Ed (Patrick Wilson) and Lorraine (Vera Farmiga) Warren travel America as paranormal experts, wanting to help any of those who declare something supernatural could be haunting their house. From creaky floorboards that are easily explained to the worst situation they’ve ever had to delve into: the case of the Perron family. Roger (Ron Livingston) and Carolyn (Lili Taylor) Perron and their five daughters, try to bring a happy, homely feel to their new country farmhouse. But Christine (Joey King) keeps thinking something is grabbing her leg, Andrea (Shanley Caswell) keeps complaining of a rotten smell in the house, and Cindy (Mackenzie Foy) keeps sleep-walking to the same area: the start of something unholy is woken in their new house.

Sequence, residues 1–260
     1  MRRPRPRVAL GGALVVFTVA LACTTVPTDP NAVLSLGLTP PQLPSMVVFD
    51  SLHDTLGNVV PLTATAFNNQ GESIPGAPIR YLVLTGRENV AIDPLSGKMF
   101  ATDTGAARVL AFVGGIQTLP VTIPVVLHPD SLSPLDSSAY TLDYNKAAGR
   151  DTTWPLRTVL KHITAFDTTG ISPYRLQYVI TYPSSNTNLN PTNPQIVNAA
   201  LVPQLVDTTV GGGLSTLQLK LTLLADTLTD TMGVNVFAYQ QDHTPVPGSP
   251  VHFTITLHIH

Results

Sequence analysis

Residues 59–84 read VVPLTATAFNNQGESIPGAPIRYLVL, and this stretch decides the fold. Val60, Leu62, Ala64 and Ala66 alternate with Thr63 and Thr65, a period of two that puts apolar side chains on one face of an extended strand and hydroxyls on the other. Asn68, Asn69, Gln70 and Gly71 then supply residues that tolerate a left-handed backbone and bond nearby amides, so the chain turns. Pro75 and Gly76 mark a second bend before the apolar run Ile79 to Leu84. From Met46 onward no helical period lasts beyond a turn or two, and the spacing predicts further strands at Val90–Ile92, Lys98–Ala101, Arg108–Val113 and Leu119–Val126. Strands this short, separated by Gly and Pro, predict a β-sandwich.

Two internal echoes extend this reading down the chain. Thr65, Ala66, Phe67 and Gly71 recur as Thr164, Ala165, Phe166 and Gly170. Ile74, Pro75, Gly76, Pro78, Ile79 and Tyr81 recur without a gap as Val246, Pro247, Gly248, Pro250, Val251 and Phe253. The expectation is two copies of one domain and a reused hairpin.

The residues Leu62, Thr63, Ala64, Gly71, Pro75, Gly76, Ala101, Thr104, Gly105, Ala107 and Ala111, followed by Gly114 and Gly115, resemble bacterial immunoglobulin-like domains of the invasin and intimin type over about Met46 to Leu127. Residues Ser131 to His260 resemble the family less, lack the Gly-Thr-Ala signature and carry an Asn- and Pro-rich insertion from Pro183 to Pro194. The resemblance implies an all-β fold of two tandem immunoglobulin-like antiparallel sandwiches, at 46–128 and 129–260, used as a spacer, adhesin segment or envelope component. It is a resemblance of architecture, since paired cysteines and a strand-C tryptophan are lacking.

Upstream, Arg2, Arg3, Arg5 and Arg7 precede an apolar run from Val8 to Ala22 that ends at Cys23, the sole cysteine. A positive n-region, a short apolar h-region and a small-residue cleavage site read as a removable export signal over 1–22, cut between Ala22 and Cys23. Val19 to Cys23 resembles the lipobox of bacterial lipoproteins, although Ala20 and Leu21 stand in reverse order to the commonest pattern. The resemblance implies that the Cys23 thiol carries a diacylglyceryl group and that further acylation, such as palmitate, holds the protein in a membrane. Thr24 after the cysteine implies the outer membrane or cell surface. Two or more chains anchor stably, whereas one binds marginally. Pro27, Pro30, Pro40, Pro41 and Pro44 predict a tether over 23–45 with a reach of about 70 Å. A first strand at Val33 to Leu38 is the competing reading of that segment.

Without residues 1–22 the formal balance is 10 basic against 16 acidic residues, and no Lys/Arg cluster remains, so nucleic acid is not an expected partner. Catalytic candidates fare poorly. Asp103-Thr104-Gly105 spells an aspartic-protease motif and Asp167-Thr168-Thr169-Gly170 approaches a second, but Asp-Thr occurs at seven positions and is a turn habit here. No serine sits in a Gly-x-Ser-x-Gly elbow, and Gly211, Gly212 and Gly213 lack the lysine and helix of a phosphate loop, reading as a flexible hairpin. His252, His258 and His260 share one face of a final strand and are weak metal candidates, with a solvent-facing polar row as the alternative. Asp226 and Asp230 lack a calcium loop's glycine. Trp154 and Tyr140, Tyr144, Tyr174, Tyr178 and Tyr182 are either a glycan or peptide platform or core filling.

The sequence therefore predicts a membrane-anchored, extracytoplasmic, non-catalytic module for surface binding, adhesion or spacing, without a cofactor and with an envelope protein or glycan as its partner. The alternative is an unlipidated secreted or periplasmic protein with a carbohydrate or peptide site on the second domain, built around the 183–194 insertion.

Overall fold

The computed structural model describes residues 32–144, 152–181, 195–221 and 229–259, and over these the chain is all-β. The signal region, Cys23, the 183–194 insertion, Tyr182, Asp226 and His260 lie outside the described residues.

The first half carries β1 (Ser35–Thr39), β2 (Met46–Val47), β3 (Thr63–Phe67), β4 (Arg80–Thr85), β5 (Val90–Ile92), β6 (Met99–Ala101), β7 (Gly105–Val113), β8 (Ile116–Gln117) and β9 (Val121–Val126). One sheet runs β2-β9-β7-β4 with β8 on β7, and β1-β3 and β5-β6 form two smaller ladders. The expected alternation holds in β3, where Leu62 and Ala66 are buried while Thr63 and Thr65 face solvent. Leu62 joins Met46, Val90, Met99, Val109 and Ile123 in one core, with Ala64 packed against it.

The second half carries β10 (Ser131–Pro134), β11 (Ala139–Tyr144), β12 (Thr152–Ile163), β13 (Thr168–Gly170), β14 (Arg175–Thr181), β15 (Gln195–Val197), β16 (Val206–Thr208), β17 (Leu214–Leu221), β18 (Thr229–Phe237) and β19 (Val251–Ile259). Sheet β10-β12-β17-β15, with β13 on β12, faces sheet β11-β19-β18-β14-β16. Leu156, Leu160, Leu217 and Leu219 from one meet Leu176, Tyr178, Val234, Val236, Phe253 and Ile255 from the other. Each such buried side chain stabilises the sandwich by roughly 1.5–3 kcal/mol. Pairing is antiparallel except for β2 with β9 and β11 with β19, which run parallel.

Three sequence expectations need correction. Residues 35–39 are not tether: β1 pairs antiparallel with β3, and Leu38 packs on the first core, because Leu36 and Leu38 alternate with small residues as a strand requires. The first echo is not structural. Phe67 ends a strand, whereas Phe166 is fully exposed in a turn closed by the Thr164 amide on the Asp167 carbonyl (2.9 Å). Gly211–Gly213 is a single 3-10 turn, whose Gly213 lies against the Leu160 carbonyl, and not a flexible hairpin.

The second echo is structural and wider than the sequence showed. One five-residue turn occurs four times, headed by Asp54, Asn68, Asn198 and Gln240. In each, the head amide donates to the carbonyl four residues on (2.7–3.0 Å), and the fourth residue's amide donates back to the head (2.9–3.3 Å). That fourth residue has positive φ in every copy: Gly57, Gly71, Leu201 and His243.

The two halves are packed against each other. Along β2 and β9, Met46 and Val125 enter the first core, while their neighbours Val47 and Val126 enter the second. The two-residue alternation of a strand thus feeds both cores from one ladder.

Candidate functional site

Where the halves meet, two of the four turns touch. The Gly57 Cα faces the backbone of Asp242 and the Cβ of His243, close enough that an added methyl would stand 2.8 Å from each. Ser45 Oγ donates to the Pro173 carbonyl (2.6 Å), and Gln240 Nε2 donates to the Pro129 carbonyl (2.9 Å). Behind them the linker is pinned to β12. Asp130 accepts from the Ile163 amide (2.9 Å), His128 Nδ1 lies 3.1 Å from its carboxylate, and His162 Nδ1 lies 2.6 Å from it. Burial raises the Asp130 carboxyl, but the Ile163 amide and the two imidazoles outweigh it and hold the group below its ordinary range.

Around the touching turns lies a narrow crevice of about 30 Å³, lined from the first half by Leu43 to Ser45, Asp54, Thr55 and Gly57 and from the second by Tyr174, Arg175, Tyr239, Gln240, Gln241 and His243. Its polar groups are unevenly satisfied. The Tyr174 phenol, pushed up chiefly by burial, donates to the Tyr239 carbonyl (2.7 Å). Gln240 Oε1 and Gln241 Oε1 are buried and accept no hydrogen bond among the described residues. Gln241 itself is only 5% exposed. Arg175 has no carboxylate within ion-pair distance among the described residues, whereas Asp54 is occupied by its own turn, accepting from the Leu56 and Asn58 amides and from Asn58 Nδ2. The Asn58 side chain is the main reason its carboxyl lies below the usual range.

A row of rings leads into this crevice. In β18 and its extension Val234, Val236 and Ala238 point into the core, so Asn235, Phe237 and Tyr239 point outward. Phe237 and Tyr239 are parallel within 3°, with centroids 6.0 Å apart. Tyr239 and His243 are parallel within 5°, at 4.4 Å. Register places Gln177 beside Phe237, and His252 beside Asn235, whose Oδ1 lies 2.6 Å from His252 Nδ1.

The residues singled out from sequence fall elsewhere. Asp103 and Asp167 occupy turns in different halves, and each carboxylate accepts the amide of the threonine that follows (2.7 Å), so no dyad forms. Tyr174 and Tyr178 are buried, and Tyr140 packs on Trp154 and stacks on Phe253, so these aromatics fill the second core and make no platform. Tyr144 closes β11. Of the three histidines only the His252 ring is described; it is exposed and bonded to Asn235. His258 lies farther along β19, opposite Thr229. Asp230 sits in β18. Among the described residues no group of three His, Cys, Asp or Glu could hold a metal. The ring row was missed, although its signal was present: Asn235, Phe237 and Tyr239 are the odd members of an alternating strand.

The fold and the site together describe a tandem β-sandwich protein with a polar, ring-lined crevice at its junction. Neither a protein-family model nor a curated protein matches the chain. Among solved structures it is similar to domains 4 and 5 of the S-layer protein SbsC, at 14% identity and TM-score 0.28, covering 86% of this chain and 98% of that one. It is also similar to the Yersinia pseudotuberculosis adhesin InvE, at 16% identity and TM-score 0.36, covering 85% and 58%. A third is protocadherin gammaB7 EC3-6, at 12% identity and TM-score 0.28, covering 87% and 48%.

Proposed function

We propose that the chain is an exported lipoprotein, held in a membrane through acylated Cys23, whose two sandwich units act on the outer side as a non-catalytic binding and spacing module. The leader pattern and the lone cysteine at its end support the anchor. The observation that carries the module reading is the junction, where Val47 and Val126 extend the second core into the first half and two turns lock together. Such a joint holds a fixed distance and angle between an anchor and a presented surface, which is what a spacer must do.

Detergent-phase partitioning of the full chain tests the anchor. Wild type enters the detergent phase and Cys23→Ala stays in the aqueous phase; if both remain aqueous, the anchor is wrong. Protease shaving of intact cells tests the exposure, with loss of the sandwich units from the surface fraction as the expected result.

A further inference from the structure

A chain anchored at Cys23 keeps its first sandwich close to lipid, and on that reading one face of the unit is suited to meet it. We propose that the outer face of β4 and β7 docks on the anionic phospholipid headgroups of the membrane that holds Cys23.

I did enjoy this film. I thought it was cleverly directed, particularly with the sound and camera angles, which are always essential in horror movies. There is a lot of clever work with lighting too, where darkness engulfs the screen to only leave the audience in suspense. The film had a repetition of intense emotions throughout the whole two hours. But amongst this was just an ordinary story told of two families. Things, obviously, continue to escalate and the horror only builds in jump scares and unnatural occurrences. I did find myself shouting at the screen to not go down to the creepy cellar that is boarded up – but do they ever listen?

The Conjuring - Lorraine